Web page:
Player 2 L R T 2,3 5,0 Player 1 M 3,2 1,4 B 1,5 4,1 No equilibrium where either player plays a pure strategy (easy) Is there one where player 1 chooses T and B, M and B or all three actions with positive probability? No: T strictly dominates B, so whatever player 2 does, 1 can increase expected payoff by playing T instead of B (so b = Pr(B) = 0)

Player 2 L R T 2,3 5,0 Player 1 M 3,2 1,4 B 1,5 4,1 No equilibrium where either player plays a pure strategy (easy) Is there one where player 1 chooses T and B, M and B or all three actions with positive probability? No: T strictly dominates B, so whatever player 2 does, 1 can increase expected payoff by playing T instead of B (so b = Pr(B) = 0) That leaves 1 choosing T and M. This requires for l=Pr(L) 2l + 5(1 – l) = 3l + 1(1 – l), or 5 – 3l = 1 + 2l or l = 4/5 mixing of 2 between L and R requires for t=Pr(T) 3t + 2(1 – t) = 4(1 – t), or 2 + t = 4 – 4t or t = 2/5

Player 2 L R T 2,3 5,0 Player 1 M 3,2 1,4 B 1,5 4,1 No equilibrium where either player plays a pure strategy (easy) Is there one where player 1 chooses T and B, M and B or all three actions with positive probability? No: T strictly dominates B, so whatever player 2 does, 1 can increase expected payoff by playing T instead of B (so b = Pr(B) = 0) That leaves 1 choosing T and M. This requires for l=Pr(L) 2l + 5(1 – l) = 3l + 1(1 – l), or 5 – 3l = 1 + 2l or l = 4/5 mixing of 2 between L and R requires for t=Pr(T) 3t + 2(1 – t) = 4(1 – t), or 2 + t = 4 – 4t or t = 2/5 Equilibrium: ((t,m,b),(l,1 – l)) = ((2/5,3/5,0),(4/5,1/5))

Dominated strategies An action can be dominated by a mixed strategy:
The mixed strategy αi strictly dominates action ai' if for all profiles a-i of the other players’ actions the expected payoff to αi is strictly larger than the payoff to ai' , i.e. Ui(αi,a-i ) > ui(ai',a-i ) for all a-i ai' is then strictly dominated

Dominated strategies An action can be dominated by a mixed strategy:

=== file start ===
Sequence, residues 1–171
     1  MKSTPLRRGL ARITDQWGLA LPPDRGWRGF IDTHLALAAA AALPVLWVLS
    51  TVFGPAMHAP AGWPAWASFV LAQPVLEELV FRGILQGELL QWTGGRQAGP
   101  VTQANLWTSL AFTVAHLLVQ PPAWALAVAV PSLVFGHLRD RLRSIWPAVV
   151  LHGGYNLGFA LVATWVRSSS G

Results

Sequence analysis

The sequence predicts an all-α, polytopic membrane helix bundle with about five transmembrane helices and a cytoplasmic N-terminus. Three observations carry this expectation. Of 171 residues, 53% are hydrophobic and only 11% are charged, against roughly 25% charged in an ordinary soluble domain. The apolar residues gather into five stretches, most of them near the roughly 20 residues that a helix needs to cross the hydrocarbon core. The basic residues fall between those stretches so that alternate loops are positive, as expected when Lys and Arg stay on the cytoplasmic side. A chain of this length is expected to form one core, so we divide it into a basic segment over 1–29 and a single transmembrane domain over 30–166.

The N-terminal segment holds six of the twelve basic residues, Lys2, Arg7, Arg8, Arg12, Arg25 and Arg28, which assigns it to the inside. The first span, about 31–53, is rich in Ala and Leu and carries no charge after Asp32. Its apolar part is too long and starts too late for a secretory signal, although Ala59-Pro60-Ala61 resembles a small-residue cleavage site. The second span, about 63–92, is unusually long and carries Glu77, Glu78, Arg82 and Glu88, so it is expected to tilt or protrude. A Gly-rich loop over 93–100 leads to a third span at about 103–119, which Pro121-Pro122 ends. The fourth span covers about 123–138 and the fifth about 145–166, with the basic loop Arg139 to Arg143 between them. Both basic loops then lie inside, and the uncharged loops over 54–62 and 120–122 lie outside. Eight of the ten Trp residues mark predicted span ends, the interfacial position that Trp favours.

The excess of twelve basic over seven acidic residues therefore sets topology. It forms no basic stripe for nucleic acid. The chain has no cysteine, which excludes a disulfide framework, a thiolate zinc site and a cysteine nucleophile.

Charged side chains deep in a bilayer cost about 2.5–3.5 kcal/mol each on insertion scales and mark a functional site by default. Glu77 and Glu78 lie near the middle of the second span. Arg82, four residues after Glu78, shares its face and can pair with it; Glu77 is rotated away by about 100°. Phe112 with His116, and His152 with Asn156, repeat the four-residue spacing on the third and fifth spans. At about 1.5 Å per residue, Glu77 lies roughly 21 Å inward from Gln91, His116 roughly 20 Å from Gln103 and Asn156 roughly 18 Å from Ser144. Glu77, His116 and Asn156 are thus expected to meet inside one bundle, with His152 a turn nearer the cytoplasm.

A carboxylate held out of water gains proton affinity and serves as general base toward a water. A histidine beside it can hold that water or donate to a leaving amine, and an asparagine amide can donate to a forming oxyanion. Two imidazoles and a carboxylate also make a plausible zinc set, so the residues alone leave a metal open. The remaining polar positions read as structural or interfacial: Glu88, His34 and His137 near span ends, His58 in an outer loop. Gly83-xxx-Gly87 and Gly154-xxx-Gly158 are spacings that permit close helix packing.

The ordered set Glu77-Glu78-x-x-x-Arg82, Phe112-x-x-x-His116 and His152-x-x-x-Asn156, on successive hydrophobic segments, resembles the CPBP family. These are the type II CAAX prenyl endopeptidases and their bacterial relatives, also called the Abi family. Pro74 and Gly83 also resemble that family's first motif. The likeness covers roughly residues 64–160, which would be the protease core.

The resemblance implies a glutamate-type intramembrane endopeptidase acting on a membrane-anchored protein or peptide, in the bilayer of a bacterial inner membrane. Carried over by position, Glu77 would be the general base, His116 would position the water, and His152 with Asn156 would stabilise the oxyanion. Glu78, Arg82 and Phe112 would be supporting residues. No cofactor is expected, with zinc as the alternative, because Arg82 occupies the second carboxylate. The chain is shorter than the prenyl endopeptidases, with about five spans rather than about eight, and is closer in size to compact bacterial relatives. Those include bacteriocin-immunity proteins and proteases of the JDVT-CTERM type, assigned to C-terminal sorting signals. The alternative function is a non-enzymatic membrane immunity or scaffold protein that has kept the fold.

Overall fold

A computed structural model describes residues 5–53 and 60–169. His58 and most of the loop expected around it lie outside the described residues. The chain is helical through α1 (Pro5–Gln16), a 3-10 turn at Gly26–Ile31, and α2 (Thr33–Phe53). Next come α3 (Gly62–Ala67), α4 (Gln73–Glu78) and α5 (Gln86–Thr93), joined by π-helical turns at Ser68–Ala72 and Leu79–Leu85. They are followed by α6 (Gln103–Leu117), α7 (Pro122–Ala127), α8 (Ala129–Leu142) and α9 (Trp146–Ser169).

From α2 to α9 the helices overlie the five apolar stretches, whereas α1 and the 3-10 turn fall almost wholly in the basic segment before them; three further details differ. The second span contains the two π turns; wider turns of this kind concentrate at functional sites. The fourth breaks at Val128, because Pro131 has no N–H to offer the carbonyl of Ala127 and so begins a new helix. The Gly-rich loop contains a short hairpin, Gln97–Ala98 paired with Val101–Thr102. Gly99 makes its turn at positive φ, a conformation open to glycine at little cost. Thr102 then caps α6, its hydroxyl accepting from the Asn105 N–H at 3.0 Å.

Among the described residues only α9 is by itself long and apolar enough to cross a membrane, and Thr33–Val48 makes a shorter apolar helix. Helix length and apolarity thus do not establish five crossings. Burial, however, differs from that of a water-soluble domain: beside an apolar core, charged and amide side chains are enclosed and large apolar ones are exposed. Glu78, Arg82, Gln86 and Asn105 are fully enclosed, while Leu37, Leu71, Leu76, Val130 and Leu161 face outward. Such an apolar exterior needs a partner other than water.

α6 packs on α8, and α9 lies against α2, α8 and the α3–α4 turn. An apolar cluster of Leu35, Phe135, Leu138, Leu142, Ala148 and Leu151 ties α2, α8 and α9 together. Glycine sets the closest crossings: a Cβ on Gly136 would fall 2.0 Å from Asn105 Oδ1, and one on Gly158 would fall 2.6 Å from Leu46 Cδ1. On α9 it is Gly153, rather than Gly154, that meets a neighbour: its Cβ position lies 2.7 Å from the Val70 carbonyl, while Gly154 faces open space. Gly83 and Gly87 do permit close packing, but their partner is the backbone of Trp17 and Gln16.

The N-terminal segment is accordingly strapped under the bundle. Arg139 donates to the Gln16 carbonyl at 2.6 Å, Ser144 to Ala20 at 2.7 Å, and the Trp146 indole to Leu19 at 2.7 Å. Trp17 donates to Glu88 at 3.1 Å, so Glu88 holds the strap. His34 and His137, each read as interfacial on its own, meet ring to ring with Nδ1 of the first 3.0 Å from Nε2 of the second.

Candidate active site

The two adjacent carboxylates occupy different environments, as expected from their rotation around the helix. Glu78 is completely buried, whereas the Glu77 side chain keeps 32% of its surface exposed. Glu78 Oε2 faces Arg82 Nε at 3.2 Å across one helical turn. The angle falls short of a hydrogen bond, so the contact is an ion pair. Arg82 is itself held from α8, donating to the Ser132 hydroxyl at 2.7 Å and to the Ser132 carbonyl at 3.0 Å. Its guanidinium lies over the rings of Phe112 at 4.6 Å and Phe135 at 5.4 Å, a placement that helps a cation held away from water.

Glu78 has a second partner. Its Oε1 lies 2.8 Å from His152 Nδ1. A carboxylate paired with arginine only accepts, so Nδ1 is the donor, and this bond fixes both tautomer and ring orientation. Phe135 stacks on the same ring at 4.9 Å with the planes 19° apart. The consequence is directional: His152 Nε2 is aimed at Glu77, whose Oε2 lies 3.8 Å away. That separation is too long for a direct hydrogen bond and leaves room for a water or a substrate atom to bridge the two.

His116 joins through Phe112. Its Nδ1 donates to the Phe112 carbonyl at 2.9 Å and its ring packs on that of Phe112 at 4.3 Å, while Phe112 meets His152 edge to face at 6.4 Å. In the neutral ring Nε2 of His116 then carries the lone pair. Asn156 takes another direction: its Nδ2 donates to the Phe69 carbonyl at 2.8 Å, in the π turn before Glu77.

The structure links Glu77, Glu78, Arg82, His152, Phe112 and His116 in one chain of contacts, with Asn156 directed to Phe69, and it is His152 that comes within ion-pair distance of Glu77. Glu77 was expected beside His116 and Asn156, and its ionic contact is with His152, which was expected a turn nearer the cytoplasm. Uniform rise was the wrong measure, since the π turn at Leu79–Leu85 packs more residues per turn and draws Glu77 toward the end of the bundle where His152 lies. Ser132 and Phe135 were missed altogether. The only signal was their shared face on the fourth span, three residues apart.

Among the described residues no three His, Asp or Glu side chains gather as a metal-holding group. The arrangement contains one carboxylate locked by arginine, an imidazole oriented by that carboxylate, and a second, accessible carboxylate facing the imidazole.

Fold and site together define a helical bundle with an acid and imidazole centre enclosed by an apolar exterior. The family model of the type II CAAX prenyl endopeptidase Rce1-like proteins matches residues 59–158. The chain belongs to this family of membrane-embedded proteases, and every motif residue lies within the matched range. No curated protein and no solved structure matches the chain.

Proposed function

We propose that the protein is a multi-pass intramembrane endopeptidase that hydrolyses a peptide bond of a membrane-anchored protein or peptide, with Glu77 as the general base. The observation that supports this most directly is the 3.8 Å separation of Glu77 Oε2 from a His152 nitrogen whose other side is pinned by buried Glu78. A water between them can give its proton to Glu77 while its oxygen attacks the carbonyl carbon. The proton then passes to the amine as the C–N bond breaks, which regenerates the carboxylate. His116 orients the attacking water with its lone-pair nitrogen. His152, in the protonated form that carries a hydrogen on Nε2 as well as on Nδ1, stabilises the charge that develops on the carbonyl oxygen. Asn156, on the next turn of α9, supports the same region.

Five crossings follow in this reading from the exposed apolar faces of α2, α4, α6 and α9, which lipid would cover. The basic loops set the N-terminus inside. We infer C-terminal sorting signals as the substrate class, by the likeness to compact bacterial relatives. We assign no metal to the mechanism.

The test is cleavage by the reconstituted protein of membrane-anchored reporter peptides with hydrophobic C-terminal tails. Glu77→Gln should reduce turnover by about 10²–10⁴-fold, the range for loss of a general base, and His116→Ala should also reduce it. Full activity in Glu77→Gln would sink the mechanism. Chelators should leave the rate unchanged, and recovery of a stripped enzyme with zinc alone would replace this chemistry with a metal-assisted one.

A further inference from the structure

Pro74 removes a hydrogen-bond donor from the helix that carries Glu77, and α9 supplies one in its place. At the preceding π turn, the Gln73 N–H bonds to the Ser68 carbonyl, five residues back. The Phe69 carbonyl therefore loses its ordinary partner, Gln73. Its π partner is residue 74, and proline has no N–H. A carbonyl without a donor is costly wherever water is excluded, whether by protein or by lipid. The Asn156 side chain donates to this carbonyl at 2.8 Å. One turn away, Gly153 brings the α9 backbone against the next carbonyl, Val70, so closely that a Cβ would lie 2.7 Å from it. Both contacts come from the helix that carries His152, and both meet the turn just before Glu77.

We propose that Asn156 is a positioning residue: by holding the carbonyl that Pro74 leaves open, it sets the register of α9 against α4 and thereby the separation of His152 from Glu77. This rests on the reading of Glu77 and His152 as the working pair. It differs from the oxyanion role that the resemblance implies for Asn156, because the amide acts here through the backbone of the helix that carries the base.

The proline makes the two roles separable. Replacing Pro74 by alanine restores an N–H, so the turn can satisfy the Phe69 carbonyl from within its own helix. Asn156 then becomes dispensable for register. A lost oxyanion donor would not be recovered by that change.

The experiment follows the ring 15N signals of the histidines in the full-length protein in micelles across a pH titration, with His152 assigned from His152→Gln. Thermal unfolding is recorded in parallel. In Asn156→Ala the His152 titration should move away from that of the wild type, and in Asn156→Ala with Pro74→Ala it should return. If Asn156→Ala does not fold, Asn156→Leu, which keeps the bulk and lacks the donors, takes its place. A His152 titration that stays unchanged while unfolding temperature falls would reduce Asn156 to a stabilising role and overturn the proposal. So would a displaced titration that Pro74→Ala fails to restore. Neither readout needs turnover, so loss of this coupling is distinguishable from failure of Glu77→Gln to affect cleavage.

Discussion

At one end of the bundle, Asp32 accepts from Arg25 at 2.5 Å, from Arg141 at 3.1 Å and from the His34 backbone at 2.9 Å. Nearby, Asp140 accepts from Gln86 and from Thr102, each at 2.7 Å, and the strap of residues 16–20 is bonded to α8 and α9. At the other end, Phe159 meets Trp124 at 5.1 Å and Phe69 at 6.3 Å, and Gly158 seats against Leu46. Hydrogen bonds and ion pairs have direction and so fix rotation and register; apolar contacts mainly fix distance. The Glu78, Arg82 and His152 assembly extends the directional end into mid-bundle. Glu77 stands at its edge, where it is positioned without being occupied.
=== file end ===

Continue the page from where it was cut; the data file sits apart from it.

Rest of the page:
The mixed strategy αi strictly dominates action ai' if for all profiles a-i of the other players’ actions the expected payoff to αi is strictly larger than the payoff to ai' , i.e. Ui(αi,a-i ) > ui(ai',a-i ) for all a-i ai' is then strictly dominated Example: T is strictly dominated by a mixed strategy that plays M and B both with probability ½. Player 2 L R T 1,3 1,0 Player 1 M 4,2 0,4 B 0,5 3,1

Symmetric games Definitions of symmetric games and symmetric equilibria carry over in obvious way We had seen that symmetric game with ordinal preferences does not necessarily have a symmetric equilibrium But a symmetric game with vNM preferences and a finite set of actions always has at least one symmetric equilibrium (pure or mixed).

Application: Preparing questions for a seminar
n students, all identical, decide independently benefit b > 0 to each if at least one is prepared, 0 otherwise cost c with 0 < c < b of preparing the question There are n asymmetric equilibria where exactly one is prepared Symmetric equilibrium? Has to be mixed. p: probability to prepare need U(prepare) = U(not prepare) b – c = 0 Pr(0 others prepare) + b Pr(>0 others prepare) b – c = b (1 – Pr(0 others prepare)) c/b = Pr(0 others prepare) = (1 – p)n-1 p = 1 – (c/b)1/(n-1) Note: p is decreasing in n. But also probability that at least one is prepared is decreasing in n, because probability that no one is prepared is (1 – p) c/b, which is increasing in n. This is essentially identical to the reporting crime issue

More on mixed-strategy equilibria
It appears a bit odd that players choose their strategies in order to keep the others indifferent. It is not claimed that players intentionally do this, but is just an equilibrium requirement However, think of repetition of games that have matching pennies structure (e.g. goalie vs. penalty kicker): the players actually would like to keep the other indifferent. Why?

More on mixed-strategy equilibria
How could players arrive at their beliefs? Deleting dominated strategies Best-response dynamics (play best response to previous action of opponent) Learning in repeated games This illustrates that there are stable mixed equilibria (e.g. in matching pennies) and unstable ones (e.g. in BoS) concerning learning and stable/unstable equilibria: if players through repeated play learn the average behavior of the population, this will eventually converge to an equilibrium. But in matching pennies, if the equilibrium is disrupted (e.g. through immigration) we get back after a while, whereas in BoS, we would get to one of the pure equilibria.

Problem set #04 NOTE: I expect that you have tried to solve the exercises before the seminar
Osborne, Ex 106.2 Osborne, Ex 114.2 (Osborne, Ex 114.3) (Osborne, Ex 118.2) Osborne, Ex 121.2 Osborne, Ex 141.1 Osborne, Ex 142.1 Show the following: a 2x2 game with two pure strict Nash equilibria always has a mixed-strategy equilibrium that is not a pure strategy equilibrium.